Researchers: Errors In The Measurement Of Global Warming Corrected
The effect of the sun's heat on weather balloons largely accounts for a data discrepancy that has long contributed to a dispute over the existence of global warming, according to a report by scientists at Yale University and the National Oceanic and Atmospheric Administration (NOAA).
The report, announced on Aug. 11 and to be published in the journal Science, found that direct heat of the sun on temperature probes of the weather balloon (radiosonde) probably explains the discrepancy between reports showing that atmospheric temperatures have been unchanged since the 1970s, while temperatures at the Earth's surface are rising.
For the last 40 years radiosonde temperature information has been collected twice each day from stations around the world at local times that correspond to 00:00 and 12:00 Greenwich Mean Time. Some measurements were taken in daylight, others in darkness.
"Even though models predict a close link between atmospheric and surface temperatures, there has been a large difference in the actual measurements," said Steven C. Sherwood, associate professor of geology and geophysics at Yale, and lead author. "This has muddied the interpretation of reported warming." Most scientists have concluded the surface warming has partly resulted from a buildup of greenhouse gases in the atmosphere.
The key to the error in climate change estimates lay in instrument design, according to this study. With exposed sensors, measurement taken in daylight read too warm, and while solar heating had a measurable impact on the earlier designs, the effect became negligible in more recent designs.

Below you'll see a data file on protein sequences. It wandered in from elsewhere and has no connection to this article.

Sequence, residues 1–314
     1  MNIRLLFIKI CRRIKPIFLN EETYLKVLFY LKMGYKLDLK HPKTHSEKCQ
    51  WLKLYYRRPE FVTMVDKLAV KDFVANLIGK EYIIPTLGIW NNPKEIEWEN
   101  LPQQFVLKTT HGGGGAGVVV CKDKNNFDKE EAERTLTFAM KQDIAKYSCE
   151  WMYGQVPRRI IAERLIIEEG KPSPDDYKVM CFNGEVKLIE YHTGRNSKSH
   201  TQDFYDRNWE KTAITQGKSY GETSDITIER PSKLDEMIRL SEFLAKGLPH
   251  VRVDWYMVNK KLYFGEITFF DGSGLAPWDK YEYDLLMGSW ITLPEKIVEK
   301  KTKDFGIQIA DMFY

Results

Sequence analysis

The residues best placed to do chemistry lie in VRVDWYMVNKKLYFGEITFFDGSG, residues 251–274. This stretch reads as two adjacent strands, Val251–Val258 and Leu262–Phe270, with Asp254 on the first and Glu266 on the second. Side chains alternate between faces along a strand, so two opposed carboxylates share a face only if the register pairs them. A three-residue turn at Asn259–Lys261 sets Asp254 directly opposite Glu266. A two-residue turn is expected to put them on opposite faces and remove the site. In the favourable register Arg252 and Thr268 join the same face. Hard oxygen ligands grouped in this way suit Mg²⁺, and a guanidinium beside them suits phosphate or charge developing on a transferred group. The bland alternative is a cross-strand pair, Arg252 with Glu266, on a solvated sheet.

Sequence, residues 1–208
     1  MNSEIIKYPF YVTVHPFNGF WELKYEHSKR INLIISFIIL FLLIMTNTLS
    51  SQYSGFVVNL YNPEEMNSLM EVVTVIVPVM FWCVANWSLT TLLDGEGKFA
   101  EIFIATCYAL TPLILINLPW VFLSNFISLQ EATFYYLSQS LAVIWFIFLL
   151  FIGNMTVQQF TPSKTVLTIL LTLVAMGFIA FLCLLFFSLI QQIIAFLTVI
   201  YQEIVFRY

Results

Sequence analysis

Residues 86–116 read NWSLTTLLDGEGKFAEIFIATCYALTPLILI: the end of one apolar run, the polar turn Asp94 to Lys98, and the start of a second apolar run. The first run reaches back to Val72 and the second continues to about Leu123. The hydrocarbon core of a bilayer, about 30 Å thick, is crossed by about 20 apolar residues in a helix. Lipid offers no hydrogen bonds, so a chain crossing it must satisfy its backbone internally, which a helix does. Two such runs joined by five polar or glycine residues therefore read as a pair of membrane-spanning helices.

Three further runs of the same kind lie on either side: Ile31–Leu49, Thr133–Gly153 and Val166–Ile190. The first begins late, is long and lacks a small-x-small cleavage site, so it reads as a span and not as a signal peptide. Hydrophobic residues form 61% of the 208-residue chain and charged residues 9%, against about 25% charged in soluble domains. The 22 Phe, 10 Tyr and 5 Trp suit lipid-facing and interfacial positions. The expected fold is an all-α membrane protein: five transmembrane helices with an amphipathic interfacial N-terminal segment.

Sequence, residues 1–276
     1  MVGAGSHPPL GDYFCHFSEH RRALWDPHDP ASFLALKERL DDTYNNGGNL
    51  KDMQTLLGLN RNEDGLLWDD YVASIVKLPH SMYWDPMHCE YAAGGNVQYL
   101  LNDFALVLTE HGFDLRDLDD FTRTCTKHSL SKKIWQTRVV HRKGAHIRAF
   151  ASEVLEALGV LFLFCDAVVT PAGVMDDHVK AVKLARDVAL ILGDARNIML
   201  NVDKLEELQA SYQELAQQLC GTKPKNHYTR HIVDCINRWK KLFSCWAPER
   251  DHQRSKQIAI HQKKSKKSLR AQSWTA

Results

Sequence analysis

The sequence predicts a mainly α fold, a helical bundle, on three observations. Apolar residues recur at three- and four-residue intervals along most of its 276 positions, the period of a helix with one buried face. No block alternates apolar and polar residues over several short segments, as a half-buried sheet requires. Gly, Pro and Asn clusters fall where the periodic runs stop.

"It's like being outside on a hot day -- it feels hotter when you are standing in the direct sun than when you are standing in the shade," said Sherwood. "We can't hang our hats on the old balloon numbers."
After taking this problem into account, the researchers estimate there has been an increase of 0.2 degree Celsius (°C) in the average global temperature per decade for the last thirty years. Over the next century, global surface temperatures are expected to increase by 2° to 4°C. However, year-to-year and region to region increases may vary considerably, with a smaller increase in the tropics but 10 degrees or more possible in some Polar Regions.
"Unfortunately, the warming is in an accelerating trend -- the climate has not yet caught up with what we've already put into the atmosphere," said Sherwood. "There are steps we should take, but it seems that shaking people out of complacency will take a strong incentive."
Yale Department of Geology And Geophysics: http://www.yale.edu/geology
Steven C. Sherwood: email@example.com
This article originally appeared in the 08/01/2005 issue of Environmental Protection.